Students doing research in the College of Communication Arts and Sciences labs presented their work last week at the 2013 Mid-Michigan Symposium for Undergraduate Research Experiences (Mid-SURE) at the Breslin Center.
Mid-Sure provides students involved in research within any MSU research program and at select institutions in Michigan the chance to be evaluated and to share their work with peers, faculty and other audiences. The students present their posters, which offer a visual representation of their research through text, charts, graphs and other visual aids. Evaluators provide feedback in the following areas: introduction and goals, methods, results, conclusions and future work, poster presentation and verbal presentation.
In addition to the poster presentations, various graduate studies programs hosted booths at the Breslin Center at the same time to share research opportunities with prospective students. CAS had all six graduate programs represented.
Six students who are working in CAS labs this summer and with CAS instructors participated in the annual Mid-SURE event held July 24. Four of those students currently are working in the Behavior Information Technology (BIT) Lab, one works at a Communicative Sciences and Disorders lab, and another has done research for an Emmy award-winning documentary.
Tiara Marocco, a journalism senior, worked with Geri Alumit Zeldes, associate professor of journalism, doing research for the documentary, "U.S. v. Narciso, Perez & the Press," that recently won an Emmy award from the Michigan Chapter of the National Academy of Television Arts and Sciences.
The documentary focuses on the story of two Filipina nurses who were convicted in 1976, and then released in 1978, for poisoning patients at the Veteran's Administration Hospital in Ann Arbor, Mich. Marocco's research involved locating sources involved with the case and creating a social media presence for the documentary.
Kayla Tillman presented the work she is doing in associate professor Laura Dilley's Communicative Sciences and Disorders lab on how the pitch of a person's voice influences impressionistic judgments of other aspects of speech. Tillman received a $3,000 grant from the College of Communication Arts and Sciences for her research.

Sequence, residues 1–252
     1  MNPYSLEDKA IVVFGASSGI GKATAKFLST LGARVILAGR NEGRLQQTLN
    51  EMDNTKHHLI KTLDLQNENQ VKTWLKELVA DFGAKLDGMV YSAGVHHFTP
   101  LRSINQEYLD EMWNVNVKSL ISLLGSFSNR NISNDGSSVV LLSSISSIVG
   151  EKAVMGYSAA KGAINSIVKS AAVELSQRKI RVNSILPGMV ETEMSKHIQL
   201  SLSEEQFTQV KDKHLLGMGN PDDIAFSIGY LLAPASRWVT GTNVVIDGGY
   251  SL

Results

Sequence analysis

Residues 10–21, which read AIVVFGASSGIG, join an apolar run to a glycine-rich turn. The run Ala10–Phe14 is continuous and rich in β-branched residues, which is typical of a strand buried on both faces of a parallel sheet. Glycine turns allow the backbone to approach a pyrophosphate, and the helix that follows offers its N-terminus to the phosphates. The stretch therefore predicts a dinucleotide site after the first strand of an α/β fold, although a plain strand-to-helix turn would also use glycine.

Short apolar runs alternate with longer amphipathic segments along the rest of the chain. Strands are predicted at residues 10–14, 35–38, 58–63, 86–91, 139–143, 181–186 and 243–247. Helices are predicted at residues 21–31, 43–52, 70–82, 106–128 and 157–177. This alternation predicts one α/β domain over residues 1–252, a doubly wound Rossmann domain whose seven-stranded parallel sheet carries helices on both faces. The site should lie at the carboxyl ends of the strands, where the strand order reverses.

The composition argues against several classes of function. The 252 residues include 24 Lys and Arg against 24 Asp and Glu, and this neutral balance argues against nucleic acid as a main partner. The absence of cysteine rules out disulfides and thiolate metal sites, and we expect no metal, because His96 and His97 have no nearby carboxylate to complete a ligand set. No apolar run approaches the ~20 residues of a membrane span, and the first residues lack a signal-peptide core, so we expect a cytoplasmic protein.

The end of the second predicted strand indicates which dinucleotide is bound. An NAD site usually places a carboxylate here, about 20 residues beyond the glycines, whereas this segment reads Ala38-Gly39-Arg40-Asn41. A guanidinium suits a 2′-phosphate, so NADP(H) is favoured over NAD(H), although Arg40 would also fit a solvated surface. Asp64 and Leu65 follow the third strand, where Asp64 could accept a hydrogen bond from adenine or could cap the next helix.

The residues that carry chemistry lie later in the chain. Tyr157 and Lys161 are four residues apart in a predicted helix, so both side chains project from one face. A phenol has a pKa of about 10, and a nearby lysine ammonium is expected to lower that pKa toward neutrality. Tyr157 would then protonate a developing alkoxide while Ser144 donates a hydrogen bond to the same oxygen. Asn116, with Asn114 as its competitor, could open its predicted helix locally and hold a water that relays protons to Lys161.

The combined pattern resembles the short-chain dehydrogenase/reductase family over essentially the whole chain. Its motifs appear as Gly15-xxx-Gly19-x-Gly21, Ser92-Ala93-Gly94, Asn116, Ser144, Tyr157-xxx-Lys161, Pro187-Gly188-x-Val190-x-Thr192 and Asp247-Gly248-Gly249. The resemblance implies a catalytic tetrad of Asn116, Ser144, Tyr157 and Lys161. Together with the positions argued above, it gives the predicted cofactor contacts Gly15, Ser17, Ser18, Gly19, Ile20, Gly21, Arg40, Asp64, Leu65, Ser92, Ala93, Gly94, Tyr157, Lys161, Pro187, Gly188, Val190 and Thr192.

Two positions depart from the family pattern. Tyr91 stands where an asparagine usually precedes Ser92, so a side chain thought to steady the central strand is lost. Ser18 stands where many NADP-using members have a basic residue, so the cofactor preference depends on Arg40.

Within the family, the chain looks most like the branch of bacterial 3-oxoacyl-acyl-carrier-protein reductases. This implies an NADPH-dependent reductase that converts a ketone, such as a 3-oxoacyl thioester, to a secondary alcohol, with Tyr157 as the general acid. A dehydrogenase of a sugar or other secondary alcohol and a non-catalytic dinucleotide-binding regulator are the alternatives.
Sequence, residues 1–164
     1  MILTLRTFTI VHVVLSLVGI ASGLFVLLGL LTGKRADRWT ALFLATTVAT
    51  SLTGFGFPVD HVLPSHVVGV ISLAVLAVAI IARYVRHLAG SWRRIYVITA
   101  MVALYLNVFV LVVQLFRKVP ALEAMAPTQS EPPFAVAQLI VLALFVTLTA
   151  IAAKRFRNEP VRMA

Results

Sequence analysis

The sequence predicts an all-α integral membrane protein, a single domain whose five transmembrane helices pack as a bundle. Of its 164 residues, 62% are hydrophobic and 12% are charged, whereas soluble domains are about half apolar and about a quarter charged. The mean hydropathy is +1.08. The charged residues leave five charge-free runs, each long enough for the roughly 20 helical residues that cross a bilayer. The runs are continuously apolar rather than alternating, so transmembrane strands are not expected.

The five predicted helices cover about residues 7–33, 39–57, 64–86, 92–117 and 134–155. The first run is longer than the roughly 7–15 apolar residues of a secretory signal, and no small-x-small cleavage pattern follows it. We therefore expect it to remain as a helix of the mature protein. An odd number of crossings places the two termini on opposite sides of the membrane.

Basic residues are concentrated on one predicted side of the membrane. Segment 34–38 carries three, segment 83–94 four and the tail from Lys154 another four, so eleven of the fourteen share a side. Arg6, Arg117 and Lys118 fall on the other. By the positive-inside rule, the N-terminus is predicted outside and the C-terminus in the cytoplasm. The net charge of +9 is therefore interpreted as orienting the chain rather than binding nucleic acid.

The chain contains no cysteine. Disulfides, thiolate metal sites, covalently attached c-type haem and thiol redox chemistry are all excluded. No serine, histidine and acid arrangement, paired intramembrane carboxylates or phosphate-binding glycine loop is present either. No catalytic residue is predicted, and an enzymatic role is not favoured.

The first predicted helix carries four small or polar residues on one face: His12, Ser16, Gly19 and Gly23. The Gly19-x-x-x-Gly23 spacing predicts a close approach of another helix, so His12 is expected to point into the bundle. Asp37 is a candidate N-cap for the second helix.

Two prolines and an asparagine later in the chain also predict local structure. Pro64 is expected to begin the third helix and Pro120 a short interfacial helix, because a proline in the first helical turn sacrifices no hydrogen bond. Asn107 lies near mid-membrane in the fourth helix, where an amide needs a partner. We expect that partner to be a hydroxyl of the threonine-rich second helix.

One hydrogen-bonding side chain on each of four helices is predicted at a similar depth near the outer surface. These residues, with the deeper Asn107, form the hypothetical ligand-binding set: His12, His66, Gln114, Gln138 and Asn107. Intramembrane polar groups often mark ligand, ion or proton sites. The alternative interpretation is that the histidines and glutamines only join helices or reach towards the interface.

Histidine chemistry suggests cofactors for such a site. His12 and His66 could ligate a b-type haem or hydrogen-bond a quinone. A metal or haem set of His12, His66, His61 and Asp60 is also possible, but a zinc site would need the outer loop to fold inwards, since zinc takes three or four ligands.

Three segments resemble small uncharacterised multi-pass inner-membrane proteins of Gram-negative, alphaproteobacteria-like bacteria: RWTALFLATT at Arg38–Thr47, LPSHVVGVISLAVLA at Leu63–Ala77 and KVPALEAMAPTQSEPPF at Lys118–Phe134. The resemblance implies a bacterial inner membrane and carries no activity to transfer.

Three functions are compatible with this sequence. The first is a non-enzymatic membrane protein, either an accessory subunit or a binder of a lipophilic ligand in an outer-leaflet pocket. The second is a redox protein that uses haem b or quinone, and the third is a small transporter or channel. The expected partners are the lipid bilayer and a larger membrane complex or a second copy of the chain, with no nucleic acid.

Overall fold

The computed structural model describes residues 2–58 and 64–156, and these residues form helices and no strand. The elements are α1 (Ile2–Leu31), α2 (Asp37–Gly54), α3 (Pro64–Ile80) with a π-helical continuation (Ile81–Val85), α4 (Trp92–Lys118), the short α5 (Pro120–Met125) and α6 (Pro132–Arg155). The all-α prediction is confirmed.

The four students working as summer interns in the BITLab who presented research include junior Katie Hoban; senior Nick Saxton, senior Ray Heldt, and senior Alexandra Hinck. The students are working with associate professor Rick Wash, assistant professor Emilee Rader and research associate Kami Vaniea.
Hoban, whose research focused on what experts want end users to know about computer security and how they convey this knowledge, said she hopes to some day work in international law with a focus on the Internet and technology.
"Working at the BITLab allows me to further my own understanding of the way the world interacts with technology, while simultaneously contributing to a knowledge base that others will use in the future," she said. "It's been a phenomenal experience. I never thought I would have a job like this before completing a degree. I'm working in a field I love, I get to make my own hours, and the ideas I discuss with others actually have an impact.
"One of the projects we're running, an analysis of the Indiegogo crowdfunding site, was started because of some preliminary data collection I did on my own volition, and I've only been here for the summer. The environment here really supports people making their own proposals, not just doing the assigned work, and even if you're an undergraduate."
Saxton presented research on "The unique challenges in developing software for collecting research data."
"Working in the BITLab is great. It's a relaxed and friendly atmosphere. The BITLab mentors are very helpful and are committed to making sure that the undergraduate students working in the lab gain valuable experience in research. They are very understanding of what students are going through in terms of time management and workload," he said. "Many of the things I've had to do this summer in the BITLab I will most likely be doing for the rest of my career, even if I do not continue in research."
Heldt's research, which focused on the difficulties of tracking computer user passwords, showed the different mechanisms used to accurately track end-users' password behavior while respecting both their privacy and security.
"I learned new ways of doing algorithms and how important it is to document whatever work I do since others will probably need to use it later on, which is probably going to be applicable for other jobs I may end up having," he said.
Hinck said she decided to pursue this internship because she "found it interesting and thought it was important to get acquainted with an interdisciplinary lab." She presented research on how people think about computer security.
"It has been a lot of fun. I'm learning a whole lot and learning what not to do on a computer," she said. "They (BITLab faculty) are really encouraging and don't treat me as a student, but rather like a fellow researcher."
Mid-SURE is a collaborative effort between the Undergraduate Research Office, Graduate School's Summer Research Opportunities Program, College of Engineering's Summer Undergraduate Research Experience, BEACON Center for the Study of Evolution in Action and the MSU Research Education Program to Increase Diversity in Health Researchers.